|By Aron Kahn, Pioneer Press, St. Paul,
Minn.McClatchy-Tribune Business News
Nov. 6, 2006 - Like a faded movie star rediscovered, the Foshay Tower is making a comeback.
The distinctive Minneapolis skyscraper once was the tallest structure between Chicago and the West Coast, edging out St. Paul's First National Bank building. You landed at the airport and the cabbie asked, "You going to see the Foshay?"
But in the 1970s, soaring skyscrapers began sprouting around the Foshay, and it wasn't long before the Washington Monument lookalike all but disappeared into a canyon.
Now, the Art Deco masterpiece is scheduled for a high-priced makeover. The Foshay won't get any taller, but it will get a lot fancier. Ralph Burnet, chairman of the Coldwell Banker Burnet realty company, plans to turn it into an upscale hotel, with room rates sprawling from about $200 to $1,000.
Can hotel-crazy Minneapolis really handle another 229 rooms?
"Try getting a room here in June, July and August," said the natty, 60-year-old real estate entrepreneur.
Burnet and six partners bought the Foshay in September for $16 million and will pump "north of $50 million" into the building in the next three years, he said. The tenants are relocating, and the interior will be gutted to prepare for a massive renovation of the 32-story structure at Ninth Street and Marquette Avenue.
If you love the Foshay's marble, terrazzo and etched glass, don't reach for the Tums. Those features will remain, in keeping with the building's status on the National Register of Historic Places, and because Burnet and his designers and architects know what sells.
The "W Foshay," one of Starwood Hotels and Resorts' high-end properties, also will preserve the rooftop deck, one of the few remaining open-air observation decks in the nation.
But the question remains, will the addition of 229 upscale rooms be too much for the hotel market, given all the new high-end accommodations lately?
"I think it's going to be tough," said Kirby Payne, president of HVS/American Hospitality Management Co., a Newport, R.I., firm with a strong Twin Cities connection. "Just because you create them doesn't mean people will come. It's not Las Vegas."
The centers of swank keep coming. The Chambers, Burnet's first hotel, opened in downtown Minneapolis last month, following Graves 601, formerly La Meridian, three years before.
Opening next year will be a Westin in the former F&M Bank building, and a Starwood Luxury Collection hotel in the historic Ivy Tower office building. The W Foshay is slated for 2008, along with the Graves Uptown, five minutes from downtown.
But Payne said the Foshay's chances of success might be better than most because of its historical significance, its location next to busy Nicollet Mall and the cachet of W hotels.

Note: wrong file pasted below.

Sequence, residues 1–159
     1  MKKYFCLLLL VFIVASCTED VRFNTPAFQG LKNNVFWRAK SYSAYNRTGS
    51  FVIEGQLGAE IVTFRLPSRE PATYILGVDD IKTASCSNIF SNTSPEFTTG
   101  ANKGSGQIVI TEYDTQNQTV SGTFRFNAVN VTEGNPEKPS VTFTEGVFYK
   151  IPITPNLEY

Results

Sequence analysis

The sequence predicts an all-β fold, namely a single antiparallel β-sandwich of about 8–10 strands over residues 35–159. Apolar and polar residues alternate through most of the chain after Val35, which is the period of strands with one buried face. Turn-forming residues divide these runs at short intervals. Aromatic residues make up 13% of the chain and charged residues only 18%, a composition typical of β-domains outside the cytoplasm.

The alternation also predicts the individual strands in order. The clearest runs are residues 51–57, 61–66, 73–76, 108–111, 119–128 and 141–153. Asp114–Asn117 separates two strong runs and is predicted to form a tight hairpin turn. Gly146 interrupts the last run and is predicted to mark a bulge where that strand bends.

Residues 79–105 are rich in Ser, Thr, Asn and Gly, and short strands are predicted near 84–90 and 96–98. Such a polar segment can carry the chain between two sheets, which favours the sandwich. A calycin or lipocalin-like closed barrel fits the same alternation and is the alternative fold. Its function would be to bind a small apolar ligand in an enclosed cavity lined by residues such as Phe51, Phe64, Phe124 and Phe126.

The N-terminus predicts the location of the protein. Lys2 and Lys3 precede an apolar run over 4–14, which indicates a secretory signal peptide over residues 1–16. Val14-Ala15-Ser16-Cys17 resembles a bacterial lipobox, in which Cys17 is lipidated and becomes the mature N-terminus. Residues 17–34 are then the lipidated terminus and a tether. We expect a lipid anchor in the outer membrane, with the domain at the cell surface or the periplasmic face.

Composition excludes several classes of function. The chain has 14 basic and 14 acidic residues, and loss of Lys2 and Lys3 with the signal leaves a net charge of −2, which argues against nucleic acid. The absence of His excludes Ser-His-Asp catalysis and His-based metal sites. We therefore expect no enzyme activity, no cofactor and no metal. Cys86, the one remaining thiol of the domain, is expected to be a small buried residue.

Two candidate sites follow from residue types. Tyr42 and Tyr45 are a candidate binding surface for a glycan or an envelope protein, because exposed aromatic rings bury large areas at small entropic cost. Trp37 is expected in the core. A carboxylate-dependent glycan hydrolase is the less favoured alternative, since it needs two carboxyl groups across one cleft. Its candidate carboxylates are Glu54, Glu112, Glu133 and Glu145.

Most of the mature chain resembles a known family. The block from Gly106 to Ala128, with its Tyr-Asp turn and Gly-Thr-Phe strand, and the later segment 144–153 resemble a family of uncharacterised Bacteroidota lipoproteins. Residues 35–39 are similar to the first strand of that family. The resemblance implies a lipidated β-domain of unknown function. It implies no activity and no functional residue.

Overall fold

"Everybody there wears black with a gold W on their uniform," he said. "It's designed to be sexy and nouveau."
The idea of bedding down in the Foshay isn't entirely new; Wilbur Foshay used the top floors as his residence after the 1929 opening, which was all the rage. America's march king, John Philip Sousa, wrote and conducted "The Foshay Tower-Washington Memorial March" for the ceremonies, attended by many notables of the time.
But six weeks after the opening, the Great Depression hit and Foshay's $20,000 check to Sousa bounced. It wasn't the last of Foshay's troubles. An entrepreneur who bought and sold utility companies, Foshay eventually was convicted of a pyramid scheme in which he used revenues from new stock sales to pay dividends to holders of old stock.
President Franklin Roosevelt commuted Foshay's sentence after he spent three years in the Leavenworth prison, following letters of support from friends. President Harry Truman fully pardoned him in 1947, after which he slid into relative anonymity, dying 10 years later in a Minneapolis nursing home.
Travel numbers might indicate Burnet and other local hotel developers are on a roll. According to Hendersonville, Tenn.-based Smith Travel Research, the Twin Cities' 67.4 percent hotel occupancy rate beats the 65.2 percent national average so far this year, and the average room rate has risen 7.7 percent to $94, a bit faster than the nation's average increase.
The latter might suggest a demand for rooms with dark chocolates, fluffy bathrobes, 42-inch plasma TVs and soap from the south of France.
A personal sushi chef would be extra.
Aron Kahn can be reached at email@example.com or 612-338-6516.
Copyright (c) 2006, Pioneer Press, St. Paul, Minn.
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